"Aliens in the Attic," a PG-rated family movie from 20th Century Fox, and "The Collector," an R-rated horror film from Freestyle Releasing, did not screen for critics. Those reviews will appear online and in print as soon as they are available.
ENTERTAINMENT
April 24, 2014 | By Sheri Linden
Nicole Teeny's first feature-length documentary unveils a little-known subculture, one that combines the Good Book with good old-fashioned competitiveness. But the National Bible Quiz Championship, with its teams of Scripture-spouting teens, isn't the main event in "Bible Quiz. " A smart, funny and disarming 17-year-old girl is the heart of this low-key charmer of a coming-of-age story. The intimate film, a prize winner at the Slamdance Film Festival, revolves around the experience of Mikayla Irle, a tomboyish 12th-grader with family troubles who finds a sense of belonging on a Bible Quiz team in Tacoma, Wash.
ENTERTAINMENT
April 24, 2014 | By Robert Abele
A determined historical sweep masks a small-minded bid for easy outrage and heartstrings-pulling in the schematic World War II drama "Walking With the Enemy. " Set in 1944, when the war was essentially over for the Nazis but their reign of terror in occupied territories was still going strong, the movie focuses on the efforts of a young, displaced Hungarian Jew named Elek (Jonas Armstrong) to find his family after escaping from a camp, which turned into a concerted effort to save many Hungarian Jews.
ENTERTAINMENT
April 24, 2014 | By Kenneth Turan, Los Angeles Times Film Critic
It sounds contrived, and it is. It sounds like a bit of a stunt, and it is that too. It may even sound boring, but that it is not. In fact, whip-smart filmmaking by writer-director Steven Knight and his team combined with Tom Hardy's mesmerizing acting make the micro-budgeted British independent "Locke" more minute-to-minute involving than this year's more costly extravaganzas. Though a dozen actors are listed in "Locke's" credits, Hardy is the only one who appears on screen in this real-time drama that unfolds inside a moving BMW during the 85 minutes it takes construction foreman Ivan Locke to make a nighttime drive from Birmingham to London.
ENTERTAINMENT
April 24, 2014 | By Gary Goldstein
When a documentary interviewee says, "My dad has been collecting penises as long as I remember," you know you've entered some unusual film territory. Such is the case of "The Final Member," which revolves around the Icelandic Phallological Museum, an exhibit hall devoted to preserved male genitalia from a variety of mammalian species except one: human. And it's the quest for that holy grail of specimens that drives much - frankly too much - of co-directors Jonah Bekhor and Zach Math's decidedly quirky, at times unappetizing film.
ENTERTAINMENT
April 24, 2014 | By Robert Abele
A resourcefully stylish indie sci-fi entry from Britain, "The Machine" drapes sleek visuals over an artificial intelligence tale set in a top-secret British government facility where robots are being developed to fight a cold war with China. Empathic computer genius Vincent (Toby Stephens) has more on his mind, however, than creating a weapon-strength, self-aware being for his military boss (Denis Lawson). Vincent imagines a revolutionary future in which the brain-damaged (be they wounded soldiers or his medically afflicted daughter)
ENTERTAINMENT
April 24, 2014 | By Sheri Linden
"Next Goal Wins" is an irresistible underdog story - sports-fan credentials not required. The lively documentary follows the biggest loser in international soccer as it tries to break a 17-year winless streak. To use the word "organization" is putting too fine a point on it: The team in question resides in the South Pacific territory of American Samoa, and the volunteer players are about as far removed as you can get - geographically and every other way - from the business of high-profile, high-stakes athletics.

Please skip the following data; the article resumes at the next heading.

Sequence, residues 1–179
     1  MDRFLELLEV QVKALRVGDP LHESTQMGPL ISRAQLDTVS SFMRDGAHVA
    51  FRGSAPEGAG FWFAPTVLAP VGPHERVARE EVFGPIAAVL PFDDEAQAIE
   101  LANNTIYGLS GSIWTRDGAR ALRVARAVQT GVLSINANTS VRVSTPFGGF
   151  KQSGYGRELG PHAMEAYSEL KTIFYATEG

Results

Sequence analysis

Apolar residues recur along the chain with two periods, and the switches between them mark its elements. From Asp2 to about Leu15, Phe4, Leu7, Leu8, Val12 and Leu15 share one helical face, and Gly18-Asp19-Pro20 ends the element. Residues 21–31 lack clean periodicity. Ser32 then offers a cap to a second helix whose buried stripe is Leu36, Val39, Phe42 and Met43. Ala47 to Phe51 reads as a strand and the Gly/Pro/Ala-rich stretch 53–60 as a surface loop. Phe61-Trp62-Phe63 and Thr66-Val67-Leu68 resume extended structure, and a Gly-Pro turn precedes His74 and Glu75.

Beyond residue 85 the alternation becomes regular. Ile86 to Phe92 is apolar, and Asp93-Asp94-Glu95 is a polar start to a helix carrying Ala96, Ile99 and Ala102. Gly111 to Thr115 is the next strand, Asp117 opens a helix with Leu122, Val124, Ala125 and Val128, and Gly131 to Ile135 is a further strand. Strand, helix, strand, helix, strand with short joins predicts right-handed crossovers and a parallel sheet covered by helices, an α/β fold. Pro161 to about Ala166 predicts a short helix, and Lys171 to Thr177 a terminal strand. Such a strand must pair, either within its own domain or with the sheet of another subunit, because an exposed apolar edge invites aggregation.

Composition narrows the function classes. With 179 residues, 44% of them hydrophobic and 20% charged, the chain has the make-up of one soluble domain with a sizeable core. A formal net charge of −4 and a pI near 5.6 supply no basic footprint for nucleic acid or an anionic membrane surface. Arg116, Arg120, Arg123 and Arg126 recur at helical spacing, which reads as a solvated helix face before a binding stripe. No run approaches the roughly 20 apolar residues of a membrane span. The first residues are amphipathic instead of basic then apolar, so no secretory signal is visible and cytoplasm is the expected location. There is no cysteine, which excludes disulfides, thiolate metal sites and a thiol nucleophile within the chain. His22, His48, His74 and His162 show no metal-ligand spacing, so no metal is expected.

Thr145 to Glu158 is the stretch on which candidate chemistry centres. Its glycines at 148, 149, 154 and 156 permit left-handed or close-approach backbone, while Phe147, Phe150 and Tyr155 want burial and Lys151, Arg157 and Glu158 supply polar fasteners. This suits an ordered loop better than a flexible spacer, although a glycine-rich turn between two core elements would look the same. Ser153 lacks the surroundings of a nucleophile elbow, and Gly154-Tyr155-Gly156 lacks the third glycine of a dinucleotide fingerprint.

ENTERTAINMENT
February 12, 1987 | Arts and entertainment reports from The Times, national and international news services and the nation's press
Los Angeles' own Cassandra Peterson will co-write and star in the first movie to be made by NBC's new movie-production unit. Tentatively entitled "Elvira," the name of Peterson's campy vampire character, the film is being described as a "supernatural comedy." Michael Nesmith's Pacific Arts Pictures will distribute the NBC-made movie.
ENTERTAINMENT
April 24, 2014 | By Gary Goldstein
"Brick Mansions," Paul Walker's penultimate film (prior to "Fast & Furious 7"), is a dumb and ugly action picture that works strictly as a reminder of the late actor's head-turning good looks and modest charisma. Otherwise, this remake of the 2004 French thriller "District B13," directed by Camille Delamarre (editor of "Transporter 3" and "Taken 2"), is a dizzying mishmash of showy stunts, muddled narrative and some seriously risible acting and dialogue. Prolific filmmaker Luc Besson's screenplay, faithfully adapted from the "B13" script he wrote with Bibi Naceri, has relocated this dystopian crime tale from 2006 Paris to 2018 Detroit (as if the Motor City didn't have enough image problems)
ENTERTAINMENT
April 24, 2014 | By Christy Khoshaba
Directorial acclaim never comes easy. When it hits, though, the results can be significant not only for the helmer but for cinema itself. We take a look back at the films that propelled some of today's most celebrated directors to prominence. Steven Spielberg: The slew of television shows and short films directed by Ohio native Steven Spielberg was just a preview of things to come from a man who has become perhaps the most commercially successful director of all time. His first major directorial effort, "The Sugarland Express" (1974)